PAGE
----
"Capitalizing on these scandals for political gain because people may be unfamiliar with the veterans population or what's going on writ large seems really insincere," says Amy Schafter, a vets affairs researcher at the Center for a New American Security, who argues that VA officials mostly do their best with limited resources and have made inroads on scandal issues.
An honest attempt to get the benefits to veterans that they deserve would start with the recognition that the recent scandals are just the latest chapter in a long, tortured history, with failures and shortsightedness often stacking on top of each other. Dan Nagin, an expert in vets' issues at Harvard, points out that one of the VA's current struggles is that it's evaluating benefits claims based on a (legally enshrined) WWI-era conception of disability that has trouble processing modern understandings of mental health issues or other complex medical problems.
The experts I spoke to didn't blame VA bureaucrats for the current crop of problems, but instead pointed to institutional failures, like chronic underfunding and understaffing, that require a major overhaul to address.
"As long as we remain ignorant of the origins of the processes that we have today," says Ridgway, "we will fall into the easy trap of demonizing and blaming people who do their best to make it work… That lazy mental shortcut harms not only public servants who are doing their best, but also veterans who would benefit from a 21st-century system."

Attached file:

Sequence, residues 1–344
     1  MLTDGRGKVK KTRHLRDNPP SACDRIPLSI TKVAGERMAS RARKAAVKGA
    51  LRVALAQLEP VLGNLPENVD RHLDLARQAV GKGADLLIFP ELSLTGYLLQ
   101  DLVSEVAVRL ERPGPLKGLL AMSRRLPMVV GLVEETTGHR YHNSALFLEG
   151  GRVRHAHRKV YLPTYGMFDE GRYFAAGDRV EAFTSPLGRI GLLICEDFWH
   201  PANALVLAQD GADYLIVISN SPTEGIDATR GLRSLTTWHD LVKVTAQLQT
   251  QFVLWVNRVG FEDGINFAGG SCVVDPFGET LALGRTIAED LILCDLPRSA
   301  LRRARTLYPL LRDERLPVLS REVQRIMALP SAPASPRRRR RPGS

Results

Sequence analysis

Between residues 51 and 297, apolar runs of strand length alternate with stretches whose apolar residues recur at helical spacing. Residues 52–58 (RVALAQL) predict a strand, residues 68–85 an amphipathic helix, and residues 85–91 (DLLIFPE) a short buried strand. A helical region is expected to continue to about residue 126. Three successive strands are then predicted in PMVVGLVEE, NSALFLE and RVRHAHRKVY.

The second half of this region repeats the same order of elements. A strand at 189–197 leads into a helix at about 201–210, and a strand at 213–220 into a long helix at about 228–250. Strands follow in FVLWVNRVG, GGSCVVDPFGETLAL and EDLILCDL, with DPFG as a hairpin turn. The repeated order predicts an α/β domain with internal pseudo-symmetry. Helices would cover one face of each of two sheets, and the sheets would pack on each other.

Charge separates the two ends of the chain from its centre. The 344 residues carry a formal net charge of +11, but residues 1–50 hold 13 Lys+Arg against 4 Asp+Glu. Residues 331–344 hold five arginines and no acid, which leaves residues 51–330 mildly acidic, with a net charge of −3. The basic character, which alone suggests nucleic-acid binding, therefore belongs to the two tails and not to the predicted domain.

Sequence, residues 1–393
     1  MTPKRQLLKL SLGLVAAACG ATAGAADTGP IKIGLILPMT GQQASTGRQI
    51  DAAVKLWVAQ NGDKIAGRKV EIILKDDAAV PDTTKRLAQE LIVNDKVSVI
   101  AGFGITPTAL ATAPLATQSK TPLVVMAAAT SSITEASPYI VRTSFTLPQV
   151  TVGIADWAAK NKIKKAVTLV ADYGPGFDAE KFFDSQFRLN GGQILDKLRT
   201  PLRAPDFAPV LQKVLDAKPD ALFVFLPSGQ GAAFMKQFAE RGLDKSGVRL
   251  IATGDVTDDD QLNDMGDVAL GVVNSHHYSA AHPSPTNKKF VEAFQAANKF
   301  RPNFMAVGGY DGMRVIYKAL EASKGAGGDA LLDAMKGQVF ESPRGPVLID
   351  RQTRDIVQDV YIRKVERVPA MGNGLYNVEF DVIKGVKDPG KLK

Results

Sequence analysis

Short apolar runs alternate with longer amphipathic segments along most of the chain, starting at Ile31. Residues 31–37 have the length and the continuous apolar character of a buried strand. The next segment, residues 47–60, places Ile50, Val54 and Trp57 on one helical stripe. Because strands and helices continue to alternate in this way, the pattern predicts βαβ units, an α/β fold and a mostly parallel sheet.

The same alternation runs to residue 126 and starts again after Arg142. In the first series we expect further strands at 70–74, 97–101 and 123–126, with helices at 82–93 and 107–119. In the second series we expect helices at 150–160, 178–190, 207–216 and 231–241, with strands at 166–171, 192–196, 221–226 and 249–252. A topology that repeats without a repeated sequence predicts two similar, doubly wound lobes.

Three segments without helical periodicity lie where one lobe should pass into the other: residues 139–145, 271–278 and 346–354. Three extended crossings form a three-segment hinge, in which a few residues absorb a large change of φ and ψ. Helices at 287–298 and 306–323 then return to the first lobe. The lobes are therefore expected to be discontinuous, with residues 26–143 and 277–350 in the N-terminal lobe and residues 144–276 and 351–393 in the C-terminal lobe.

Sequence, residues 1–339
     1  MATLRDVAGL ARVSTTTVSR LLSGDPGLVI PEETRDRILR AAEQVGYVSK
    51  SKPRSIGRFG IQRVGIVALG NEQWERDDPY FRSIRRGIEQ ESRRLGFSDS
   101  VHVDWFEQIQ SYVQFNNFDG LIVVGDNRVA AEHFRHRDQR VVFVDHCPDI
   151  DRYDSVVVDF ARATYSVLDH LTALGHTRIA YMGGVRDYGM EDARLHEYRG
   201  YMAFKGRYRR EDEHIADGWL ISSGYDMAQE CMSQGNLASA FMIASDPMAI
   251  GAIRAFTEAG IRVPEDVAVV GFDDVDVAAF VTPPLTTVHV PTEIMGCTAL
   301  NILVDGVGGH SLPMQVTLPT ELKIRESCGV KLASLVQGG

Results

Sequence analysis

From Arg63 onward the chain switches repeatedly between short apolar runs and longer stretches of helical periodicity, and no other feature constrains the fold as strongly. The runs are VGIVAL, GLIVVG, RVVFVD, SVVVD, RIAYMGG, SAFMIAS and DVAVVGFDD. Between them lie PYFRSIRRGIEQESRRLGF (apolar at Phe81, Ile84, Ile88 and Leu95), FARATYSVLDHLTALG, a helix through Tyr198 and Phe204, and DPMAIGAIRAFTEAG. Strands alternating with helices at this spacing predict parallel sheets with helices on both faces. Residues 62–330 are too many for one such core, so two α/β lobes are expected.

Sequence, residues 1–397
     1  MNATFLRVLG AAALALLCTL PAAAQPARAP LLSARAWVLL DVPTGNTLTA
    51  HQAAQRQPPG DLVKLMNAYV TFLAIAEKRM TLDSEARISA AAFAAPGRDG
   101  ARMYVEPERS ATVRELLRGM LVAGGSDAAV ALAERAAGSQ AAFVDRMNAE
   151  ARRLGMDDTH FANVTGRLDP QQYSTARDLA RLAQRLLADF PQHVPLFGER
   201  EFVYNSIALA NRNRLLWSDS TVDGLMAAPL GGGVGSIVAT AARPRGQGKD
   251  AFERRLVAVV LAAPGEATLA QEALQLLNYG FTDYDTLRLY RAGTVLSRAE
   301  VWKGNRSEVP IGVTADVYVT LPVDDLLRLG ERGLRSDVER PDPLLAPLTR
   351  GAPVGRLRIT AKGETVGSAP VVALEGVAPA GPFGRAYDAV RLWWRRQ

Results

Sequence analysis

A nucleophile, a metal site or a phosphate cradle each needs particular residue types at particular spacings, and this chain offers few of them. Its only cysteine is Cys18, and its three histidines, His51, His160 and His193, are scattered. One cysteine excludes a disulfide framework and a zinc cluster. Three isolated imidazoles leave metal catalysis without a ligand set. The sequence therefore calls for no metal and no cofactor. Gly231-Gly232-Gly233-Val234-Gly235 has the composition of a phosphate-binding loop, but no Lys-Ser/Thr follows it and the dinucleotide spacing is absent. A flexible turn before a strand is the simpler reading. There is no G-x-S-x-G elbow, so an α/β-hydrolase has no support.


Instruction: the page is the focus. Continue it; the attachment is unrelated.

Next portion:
Despite Trump's promises, he has done very little for veterans so far in his young administration. While legislators have introduced dozens of veterans-related bills in Congress, they have not prioritized vets' issues thus far either. Some of those bills are well intentioned, says Schafter, but will be ineffectual, and some of them may just be empty shows of support for veterans offering little in the way of substance. And the shrinking proportion of vets within the population means that, while they're still a key voting block that's constantly praised by politicians, if history is any guide they'll have less and less political power in coming years.
Brewster, a Revolutionary War solider dicked out of his promised benefits by a well-intentioned but ill-provisioned system, could probably empathize with all this. Just like Brewster, modern veterans find themselves pushed to fight far harder than they ought to for those things supposedly guaranteed to them. But given what has been reported about Trump's reading habits, they probably shouldn't emulate Brewster and write passionately argued letters. Maybe a tweet with a chart?